Delusions of grandeur: when you believe that you are very special or have special powers or abilities. An example of a grandiose delusion is thinking you are a famous rock star.

I think it is possible to say that such delusions are helped along by the base-states already discussed, but I would argue that something more is required. Notice that all of the delusions reference back to the self. It is the schizophrenic’s body that has been infected; it is the schizophrenic who is special, and receiving special messages through the television; it is the schizophrenic that people are conspiring against. It seems clear that the schizophrenic’s ego is the beginning and the end-point of all these delusions. If someone were effectively stripped of their ego, and truly believed that all of humanity were one, equal, unified--that they were no more special than any other being--such delusions would not manifest in the same way. As such the schizophrenic’s mind is one where certain tendencies exist which are biological and beyond their control, but where the added aspect of ego-fixation drives the mind into a psychosis of fear and paranoia.

The human ego is essentially a creature of fear and paranoia, and it is most dangerous when it feels inadequate. This may be why there is a clear correlation between early traumatic experiences, and incidents of schizophrenia. I would argue that children may be born with minds that already contain the basic schizophrenic mind-states, but not always with a fragile and needy ego. That is often created as a result of some difficult early experiences. The needy egos that are created as a result of these experiences are particularly damaging to them because of certain remarkable qualities of their mind.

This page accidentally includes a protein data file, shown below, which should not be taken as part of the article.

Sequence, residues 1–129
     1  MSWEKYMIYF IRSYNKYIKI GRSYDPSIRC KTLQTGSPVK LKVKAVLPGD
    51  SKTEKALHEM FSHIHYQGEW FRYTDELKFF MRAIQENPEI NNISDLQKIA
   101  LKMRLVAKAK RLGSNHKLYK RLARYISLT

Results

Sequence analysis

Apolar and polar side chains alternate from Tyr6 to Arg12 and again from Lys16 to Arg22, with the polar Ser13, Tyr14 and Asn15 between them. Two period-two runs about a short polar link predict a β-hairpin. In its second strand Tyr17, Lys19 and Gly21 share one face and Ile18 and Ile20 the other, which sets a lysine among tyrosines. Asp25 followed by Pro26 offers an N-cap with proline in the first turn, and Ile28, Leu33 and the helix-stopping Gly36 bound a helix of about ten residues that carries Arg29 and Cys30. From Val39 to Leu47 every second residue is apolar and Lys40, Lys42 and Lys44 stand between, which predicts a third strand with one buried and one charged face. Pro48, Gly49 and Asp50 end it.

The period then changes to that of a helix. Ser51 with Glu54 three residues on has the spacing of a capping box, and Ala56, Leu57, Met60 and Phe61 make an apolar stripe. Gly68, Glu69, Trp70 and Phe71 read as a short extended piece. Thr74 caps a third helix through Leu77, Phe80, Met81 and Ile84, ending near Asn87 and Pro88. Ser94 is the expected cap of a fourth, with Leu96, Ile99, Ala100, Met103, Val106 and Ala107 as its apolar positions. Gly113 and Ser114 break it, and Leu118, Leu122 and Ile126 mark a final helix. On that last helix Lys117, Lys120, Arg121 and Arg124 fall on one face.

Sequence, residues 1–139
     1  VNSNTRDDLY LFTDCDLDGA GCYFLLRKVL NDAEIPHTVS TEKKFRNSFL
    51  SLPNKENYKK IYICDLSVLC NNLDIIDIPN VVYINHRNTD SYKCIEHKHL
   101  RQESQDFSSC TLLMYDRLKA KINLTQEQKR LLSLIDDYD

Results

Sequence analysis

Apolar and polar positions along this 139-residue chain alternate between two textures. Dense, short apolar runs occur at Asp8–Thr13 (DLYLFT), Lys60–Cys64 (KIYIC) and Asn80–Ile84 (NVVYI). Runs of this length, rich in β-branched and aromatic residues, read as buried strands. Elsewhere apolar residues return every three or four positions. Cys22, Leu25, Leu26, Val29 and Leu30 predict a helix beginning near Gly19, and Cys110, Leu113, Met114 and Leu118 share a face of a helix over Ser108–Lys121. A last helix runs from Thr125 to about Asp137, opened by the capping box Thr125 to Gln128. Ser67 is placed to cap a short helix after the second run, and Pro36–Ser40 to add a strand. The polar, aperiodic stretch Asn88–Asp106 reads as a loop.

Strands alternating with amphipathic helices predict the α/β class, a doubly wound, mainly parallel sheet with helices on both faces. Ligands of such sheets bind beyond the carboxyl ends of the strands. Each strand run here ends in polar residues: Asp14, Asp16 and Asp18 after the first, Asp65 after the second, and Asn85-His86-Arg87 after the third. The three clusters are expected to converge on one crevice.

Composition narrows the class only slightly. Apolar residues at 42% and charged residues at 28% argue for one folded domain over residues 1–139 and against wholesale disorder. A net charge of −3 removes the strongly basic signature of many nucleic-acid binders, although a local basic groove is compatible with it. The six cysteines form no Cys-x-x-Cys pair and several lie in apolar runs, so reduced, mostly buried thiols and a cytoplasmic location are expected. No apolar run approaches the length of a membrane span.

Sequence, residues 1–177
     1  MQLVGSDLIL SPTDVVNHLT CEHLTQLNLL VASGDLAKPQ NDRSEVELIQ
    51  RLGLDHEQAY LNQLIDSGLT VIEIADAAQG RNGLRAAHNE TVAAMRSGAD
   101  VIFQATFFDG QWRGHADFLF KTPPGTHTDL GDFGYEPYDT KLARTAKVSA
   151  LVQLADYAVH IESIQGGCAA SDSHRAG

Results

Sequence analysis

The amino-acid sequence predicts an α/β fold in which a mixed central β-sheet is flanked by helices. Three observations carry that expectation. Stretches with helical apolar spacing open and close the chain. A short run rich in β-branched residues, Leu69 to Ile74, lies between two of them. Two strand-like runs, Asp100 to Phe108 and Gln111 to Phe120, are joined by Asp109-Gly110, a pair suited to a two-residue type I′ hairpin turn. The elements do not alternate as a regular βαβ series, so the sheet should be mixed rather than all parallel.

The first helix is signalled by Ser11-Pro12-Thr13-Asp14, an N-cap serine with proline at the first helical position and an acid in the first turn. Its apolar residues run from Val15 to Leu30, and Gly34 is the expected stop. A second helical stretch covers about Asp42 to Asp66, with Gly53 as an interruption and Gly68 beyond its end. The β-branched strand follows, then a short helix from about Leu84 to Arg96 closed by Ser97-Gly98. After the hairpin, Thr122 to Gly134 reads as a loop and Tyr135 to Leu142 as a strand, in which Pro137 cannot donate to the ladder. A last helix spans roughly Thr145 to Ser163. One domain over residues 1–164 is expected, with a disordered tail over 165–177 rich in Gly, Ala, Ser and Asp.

My belief, then, is that schizophrenic tendencies, do not necessarily a schizophrenic make. I would even argue that with enough love and support (and by teaching them about the ego from an early age), someone who is in danger of becoming schizophrenic can instead go on to become a fairly highly functioning artist or scientist. The wild imagination and ability to draw connections, which characterize the schizophrenic mind, can be partly controlled and directed with a positive self-image and a sense of well being and love for the world. The wild thoughts will still come, but the negative ego-centered thought patterns will not prevail. I believe then that treatment must start in the home, in the cradle. Parents who recognize the schizophrenic base-state patterns in their child’s thinking must be especially careful with that child, and work hard to allow them to build up a positive self image. They will be fighting the societal influences, but they must fight. Love saves.





[edit on 3-7-2008 by Silenceisall]




posted on Jul, 3 2008 @ 10:37 AM
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That was beautifully stated. I see what you are saying. I think that is one of the most misrepresented illnesses out there. It seems to have a stigma to the name and is overly used to write people off.

These people need love, compassion and sometimes a little meds to help them as a tool to realize they are good people and to show them the right path to help themselves. Not to lock them up and keep them fed with drippy-drooly meds for their whole lives.

Even raising healthy minded children is a challenge, so I see that a lot of time/care would go into nurturing a child with schizophrenic tendencies would be a lifetime of work, but would prevail at some point.